4) DST and ICRISAT launch Center of Excellence on climate change for plant protection (13 Feb 2012)
Hyderabad, India – Diseases and insect pests cause crop losses of over US$8.48 billion annually, and these losses are likely to increase by at least four folds under the climate change scenario.
Amid this looming threat to sustainable food production particularly in the dryland areas of India and other developing countries worldwide, the International Crops Research Institute for the Semi-Arid Tropics (ICRISAT) and the Department of Science and Technology (DST-Climate Change Program), Ministry of Science and Technology, Govt. of India launched the Center of Excellence on Climate Change Research for Plant Protection (CoE-CCRPP)on 9 February 2012 at the ICRISAT Headquarters near Hyderabad.
The project, funded by the DST-Climate Change Program, is for a three-year period with an overall goal to establish facilities and provide opportunities for ICRISAT and partner institutes to conduct research-for-development (R4D) initiatives on climate change and its impact on diseases and insect-pests of legumes in the semi-arid tropics.
Prime Minister of India Dr Manmohan Singh in his address at the Indian Science Congress did mention about the CoE-CCRPP at ICRISAT and its role in building India’s climate change adaptation and mitigation capacities.
ICRISAT Director General William Dar, in his keynote address during the project launch, emphasized that “this partnership between DST and ICRISAT will have a major bearing on environment-friendly, pest mitigation strategies for the sustainable production of grain legumes and in increasing food security in the dryland areas – particularly in regions most vulnerable to climate change.”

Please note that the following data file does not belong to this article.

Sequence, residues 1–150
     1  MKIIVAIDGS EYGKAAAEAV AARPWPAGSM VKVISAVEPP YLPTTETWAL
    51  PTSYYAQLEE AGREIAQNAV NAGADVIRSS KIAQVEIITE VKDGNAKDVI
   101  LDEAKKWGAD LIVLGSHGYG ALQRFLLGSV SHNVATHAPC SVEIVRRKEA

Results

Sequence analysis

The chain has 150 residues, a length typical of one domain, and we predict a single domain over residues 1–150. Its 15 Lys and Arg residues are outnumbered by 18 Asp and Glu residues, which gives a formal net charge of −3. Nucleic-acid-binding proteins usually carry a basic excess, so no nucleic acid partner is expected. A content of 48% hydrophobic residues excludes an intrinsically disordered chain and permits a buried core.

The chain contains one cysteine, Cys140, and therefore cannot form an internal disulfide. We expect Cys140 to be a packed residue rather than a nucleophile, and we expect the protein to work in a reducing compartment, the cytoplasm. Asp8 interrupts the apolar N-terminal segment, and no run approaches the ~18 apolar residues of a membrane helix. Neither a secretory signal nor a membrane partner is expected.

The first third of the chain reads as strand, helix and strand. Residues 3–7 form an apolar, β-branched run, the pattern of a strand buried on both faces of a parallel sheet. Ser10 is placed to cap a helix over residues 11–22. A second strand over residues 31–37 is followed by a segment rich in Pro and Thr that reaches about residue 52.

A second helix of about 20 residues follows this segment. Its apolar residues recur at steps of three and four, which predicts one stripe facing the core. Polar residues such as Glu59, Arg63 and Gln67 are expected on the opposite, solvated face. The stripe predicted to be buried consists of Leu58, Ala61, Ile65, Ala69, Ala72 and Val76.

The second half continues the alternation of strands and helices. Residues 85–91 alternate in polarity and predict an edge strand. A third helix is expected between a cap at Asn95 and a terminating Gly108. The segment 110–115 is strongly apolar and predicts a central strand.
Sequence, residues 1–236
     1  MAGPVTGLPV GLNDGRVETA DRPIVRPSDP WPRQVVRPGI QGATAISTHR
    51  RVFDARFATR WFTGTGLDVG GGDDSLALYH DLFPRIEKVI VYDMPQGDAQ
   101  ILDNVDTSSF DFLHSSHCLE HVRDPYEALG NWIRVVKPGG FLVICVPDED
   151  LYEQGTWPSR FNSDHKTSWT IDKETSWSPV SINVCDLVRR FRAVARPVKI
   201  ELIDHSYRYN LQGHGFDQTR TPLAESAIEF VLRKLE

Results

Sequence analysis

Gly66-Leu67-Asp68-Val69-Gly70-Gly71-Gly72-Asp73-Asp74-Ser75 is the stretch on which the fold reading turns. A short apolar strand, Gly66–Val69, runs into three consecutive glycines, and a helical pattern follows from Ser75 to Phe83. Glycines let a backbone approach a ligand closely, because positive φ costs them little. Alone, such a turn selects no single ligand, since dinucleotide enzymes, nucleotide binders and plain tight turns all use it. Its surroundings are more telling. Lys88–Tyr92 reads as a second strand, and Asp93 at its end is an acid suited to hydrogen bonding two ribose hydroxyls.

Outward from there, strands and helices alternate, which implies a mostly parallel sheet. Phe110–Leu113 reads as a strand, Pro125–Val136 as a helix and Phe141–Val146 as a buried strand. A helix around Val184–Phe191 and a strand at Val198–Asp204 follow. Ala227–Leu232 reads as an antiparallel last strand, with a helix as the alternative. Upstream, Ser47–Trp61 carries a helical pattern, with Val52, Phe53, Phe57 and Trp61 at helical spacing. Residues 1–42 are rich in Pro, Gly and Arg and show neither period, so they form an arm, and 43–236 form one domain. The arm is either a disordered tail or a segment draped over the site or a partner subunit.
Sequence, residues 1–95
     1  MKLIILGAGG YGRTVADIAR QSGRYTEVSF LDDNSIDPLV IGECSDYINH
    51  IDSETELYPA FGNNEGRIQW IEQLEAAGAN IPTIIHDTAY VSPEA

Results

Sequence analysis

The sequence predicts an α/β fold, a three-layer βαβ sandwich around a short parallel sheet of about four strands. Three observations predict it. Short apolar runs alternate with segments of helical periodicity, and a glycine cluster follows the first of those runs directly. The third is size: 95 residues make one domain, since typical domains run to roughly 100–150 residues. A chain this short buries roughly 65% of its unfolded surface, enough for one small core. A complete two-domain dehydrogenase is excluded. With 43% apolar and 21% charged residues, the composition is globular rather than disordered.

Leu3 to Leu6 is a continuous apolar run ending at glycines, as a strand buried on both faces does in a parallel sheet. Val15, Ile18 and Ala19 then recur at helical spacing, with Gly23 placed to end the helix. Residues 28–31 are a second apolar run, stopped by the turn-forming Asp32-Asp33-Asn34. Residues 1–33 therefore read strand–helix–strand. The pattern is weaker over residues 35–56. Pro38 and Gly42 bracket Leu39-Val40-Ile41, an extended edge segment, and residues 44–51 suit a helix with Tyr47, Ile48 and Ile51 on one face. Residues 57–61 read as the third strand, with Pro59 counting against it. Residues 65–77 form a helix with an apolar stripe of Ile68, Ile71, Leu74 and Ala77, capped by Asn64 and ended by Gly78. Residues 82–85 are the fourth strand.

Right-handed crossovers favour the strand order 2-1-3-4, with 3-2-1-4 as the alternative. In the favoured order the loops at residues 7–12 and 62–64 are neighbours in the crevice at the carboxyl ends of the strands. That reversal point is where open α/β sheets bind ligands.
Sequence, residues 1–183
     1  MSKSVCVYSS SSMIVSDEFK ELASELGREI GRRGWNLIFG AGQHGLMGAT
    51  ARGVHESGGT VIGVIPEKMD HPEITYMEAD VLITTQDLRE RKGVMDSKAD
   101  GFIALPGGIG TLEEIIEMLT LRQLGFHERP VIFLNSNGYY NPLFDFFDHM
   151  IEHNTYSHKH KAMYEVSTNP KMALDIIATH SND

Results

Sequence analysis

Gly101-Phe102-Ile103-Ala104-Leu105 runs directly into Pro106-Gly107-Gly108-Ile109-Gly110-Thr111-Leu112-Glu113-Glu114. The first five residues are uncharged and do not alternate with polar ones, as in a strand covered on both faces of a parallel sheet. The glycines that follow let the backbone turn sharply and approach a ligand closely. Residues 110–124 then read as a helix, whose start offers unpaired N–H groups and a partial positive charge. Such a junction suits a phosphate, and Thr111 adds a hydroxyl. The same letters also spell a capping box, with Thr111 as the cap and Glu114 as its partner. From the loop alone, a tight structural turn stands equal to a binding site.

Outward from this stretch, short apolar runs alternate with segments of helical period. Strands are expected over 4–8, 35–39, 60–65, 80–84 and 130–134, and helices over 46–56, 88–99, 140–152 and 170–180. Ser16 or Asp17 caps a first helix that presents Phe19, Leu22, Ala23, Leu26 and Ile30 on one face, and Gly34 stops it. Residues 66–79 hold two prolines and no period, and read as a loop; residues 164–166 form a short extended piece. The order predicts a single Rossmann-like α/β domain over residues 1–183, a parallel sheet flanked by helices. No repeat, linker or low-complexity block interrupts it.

Dr Akhilesh Gupta, Advisor, DST Climate Change Program (CCP) noted the merits of the CoE-CCRPP as being the only project among the 147 qualified projects under the Program that received full support after a long and stringent process of approval. “The project is a long-term commitment of DST, and we are confident that the knowledge and basic data to be generated from this initiative will be very useful for policy formulation on climate change at both the country and regional levels,” he added.
According to Dr Suresh Pande, ICRISAT Principal Investigator of CoE-CCRPP, global warming and climate change will lead to emergence of more aggressive pest and pathogen populations, resulting in heavy losses by pest and disease epidemics particularly in grain legumes such as chickpea and pigeonpea. CoE-CCRPP will, therefore, serve as the platform in the conduct of targeted research to better understand and mitigate the effects of climate change on plant and pest diseases, as they in turn affect sufficiency, quality and safety of food.
Dr Dave Hoisington, ICRISAT Deputy Director General, spoke of the Institute’s R4D initiatives that generate science-based solutions and pro-poor approaches for adaptation, particularly of rainfed agricultural systems to climate change. Meanwhile, Drs Hari Sharma and Mamta Sharma also of ICRISAT showed members of the Expert Committee of the Climate Change Program, DST the ongoing research on climate change and host plant x pest/pathogen x environment interactions conducted by the Institute’s legume scientists in controlled environment conditions. The launch meeting was attended by more than 40 participants from ICRISAT and DST.
For more information about ICRISAT, please visit www.icrisat.org.
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